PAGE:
The Russians are coming! In fact, they're already here, in Dubai, in very large numbers.
My mole at the Madinat Jumeirah complex tells me that, because of school holidays back in mother Russia, the two big hotels on the site are completely sold out, with 95 per cent occupancy by Russians, or at least guests from countries of the former Soviet Union.
Not only that, he also says that about 70 per cent of Madinat annual revenue comes from the same area of the world. These are not official figures, I should stress, but informed "guestimates" by an insider. And the Russians are certainly prepared to splash the cash.
I heard a story of one Russian lady who wanted to ensure a bit of privacy on the beach for herself and her considerable entourage - children, domestics and security staff.
Those little beach tents that the Madinat does, basically just a wooden platform and four poles with a bit of silk thrown over the top, cost Dh1,000 (US$272) per day to hire.
"I'll take 10, for the next five days," she said, handing over Dh50,000 in cash up front.
With temperatures fast approaching zero in Moscow, she must think it's worth paying up for the last bit of sunshine in several months. But if she's that well off, she's equally likely to be back in Dubai next month.
I haven't written anything about football for some time, largely because my team, Tottenham Hotspur, haven't really had that much to crow about.
OK, we did beat Manchester United at Old Trafford a few weeks back, and we are fifth in the Premier League, but the performances under the new manager Andre Villas Boas have been lacking in quality and conviction, especially the last awful display against lowly Wigan.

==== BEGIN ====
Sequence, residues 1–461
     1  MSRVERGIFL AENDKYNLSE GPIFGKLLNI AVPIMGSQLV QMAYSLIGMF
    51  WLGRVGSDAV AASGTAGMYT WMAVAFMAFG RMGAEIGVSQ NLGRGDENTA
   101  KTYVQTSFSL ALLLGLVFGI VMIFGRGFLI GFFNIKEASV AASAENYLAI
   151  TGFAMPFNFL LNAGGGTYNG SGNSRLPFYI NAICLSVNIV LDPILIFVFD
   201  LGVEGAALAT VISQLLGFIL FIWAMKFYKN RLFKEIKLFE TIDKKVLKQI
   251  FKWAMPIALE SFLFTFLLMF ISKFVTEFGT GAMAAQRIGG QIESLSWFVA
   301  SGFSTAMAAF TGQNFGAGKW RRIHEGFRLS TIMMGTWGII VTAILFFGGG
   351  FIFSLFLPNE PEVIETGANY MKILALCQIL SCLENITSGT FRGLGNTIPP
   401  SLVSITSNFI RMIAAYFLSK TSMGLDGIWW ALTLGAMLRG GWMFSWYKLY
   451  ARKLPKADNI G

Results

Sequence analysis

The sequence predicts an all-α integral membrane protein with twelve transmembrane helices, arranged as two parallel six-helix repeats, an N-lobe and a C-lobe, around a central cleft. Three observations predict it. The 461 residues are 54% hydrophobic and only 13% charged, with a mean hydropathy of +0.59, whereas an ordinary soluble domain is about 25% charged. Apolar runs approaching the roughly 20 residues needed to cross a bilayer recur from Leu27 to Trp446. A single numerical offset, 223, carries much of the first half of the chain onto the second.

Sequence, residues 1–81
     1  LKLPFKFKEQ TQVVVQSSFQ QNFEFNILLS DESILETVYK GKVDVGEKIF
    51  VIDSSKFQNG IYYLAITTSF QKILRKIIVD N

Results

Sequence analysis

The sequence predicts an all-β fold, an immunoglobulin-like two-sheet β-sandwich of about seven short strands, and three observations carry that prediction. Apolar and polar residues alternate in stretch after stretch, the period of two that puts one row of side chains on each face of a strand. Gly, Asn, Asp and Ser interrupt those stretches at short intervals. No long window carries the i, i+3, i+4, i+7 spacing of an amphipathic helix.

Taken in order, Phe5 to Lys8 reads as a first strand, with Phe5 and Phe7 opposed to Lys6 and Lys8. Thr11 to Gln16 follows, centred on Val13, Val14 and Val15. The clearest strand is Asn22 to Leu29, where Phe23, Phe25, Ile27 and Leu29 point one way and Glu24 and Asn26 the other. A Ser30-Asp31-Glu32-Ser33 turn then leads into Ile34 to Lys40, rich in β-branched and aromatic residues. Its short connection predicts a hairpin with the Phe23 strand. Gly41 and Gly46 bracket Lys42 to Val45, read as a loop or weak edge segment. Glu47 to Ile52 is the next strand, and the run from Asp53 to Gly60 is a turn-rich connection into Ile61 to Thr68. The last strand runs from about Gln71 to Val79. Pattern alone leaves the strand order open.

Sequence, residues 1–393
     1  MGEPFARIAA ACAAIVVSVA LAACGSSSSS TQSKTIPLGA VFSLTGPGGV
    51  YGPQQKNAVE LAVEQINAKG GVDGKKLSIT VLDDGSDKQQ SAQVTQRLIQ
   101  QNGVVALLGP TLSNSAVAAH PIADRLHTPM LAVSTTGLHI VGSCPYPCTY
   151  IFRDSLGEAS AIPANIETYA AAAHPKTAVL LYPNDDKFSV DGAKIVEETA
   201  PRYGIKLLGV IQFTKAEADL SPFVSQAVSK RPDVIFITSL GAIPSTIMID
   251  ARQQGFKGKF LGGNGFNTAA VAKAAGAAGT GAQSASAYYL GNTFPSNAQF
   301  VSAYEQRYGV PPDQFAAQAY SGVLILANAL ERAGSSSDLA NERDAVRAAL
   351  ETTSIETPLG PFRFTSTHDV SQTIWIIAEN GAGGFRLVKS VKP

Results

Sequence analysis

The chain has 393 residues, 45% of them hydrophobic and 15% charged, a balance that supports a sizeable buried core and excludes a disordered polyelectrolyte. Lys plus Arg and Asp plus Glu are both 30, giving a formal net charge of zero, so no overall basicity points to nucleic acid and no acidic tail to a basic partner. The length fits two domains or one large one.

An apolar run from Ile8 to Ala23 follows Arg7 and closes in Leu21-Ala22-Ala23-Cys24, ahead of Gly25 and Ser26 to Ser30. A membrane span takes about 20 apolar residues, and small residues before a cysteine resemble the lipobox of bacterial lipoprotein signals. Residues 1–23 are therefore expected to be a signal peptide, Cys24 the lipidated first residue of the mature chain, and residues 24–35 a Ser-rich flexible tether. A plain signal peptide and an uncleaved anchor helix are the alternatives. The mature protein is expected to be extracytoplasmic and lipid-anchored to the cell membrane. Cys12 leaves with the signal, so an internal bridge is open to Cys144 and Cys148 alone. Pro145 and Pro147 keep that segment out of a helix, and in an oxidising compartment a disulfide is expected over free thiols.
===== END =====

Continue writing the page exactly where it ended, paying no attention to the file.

That, at least, is the consensus of the band of Tottenham fans that I join most weeks to watch the game. Known as "Spurs Al Arab" because we first met at the Jumeirah Beach Hotel in the shadow of the Burj Al Arab, after many nomadic months we have at last found a venue worthy of our aspirations.
The sports lounge in the Arabian Court at the Royal Mirage hotel is certainly the poshest place in which I've ever watched football, and sometimes feels a little unreal, but it's a treat to shout the lads on amid the velvet, gold and chandeliers, looked after by the excellent operations manager, Jimmy Jose.
Maybe the macho masters of the universe at Goldman Sachs have got something about them after all. Dramatic pictures last week of superstorm Sandy in New York showed the whole of lower Manhattan blacked out - apart from Goldman's global HQ at 200 West Street.
A friend of mine has an apartment in nearby Battery Park, and he confirmed the unerring wisdom of the "sacks of gold" executives.
"When they moved in, they decided the basement wasn't really the best place for an emergency generator, and put it somewhere around the 23rd floor. That's why they deserve to be paid squillions, I suppose."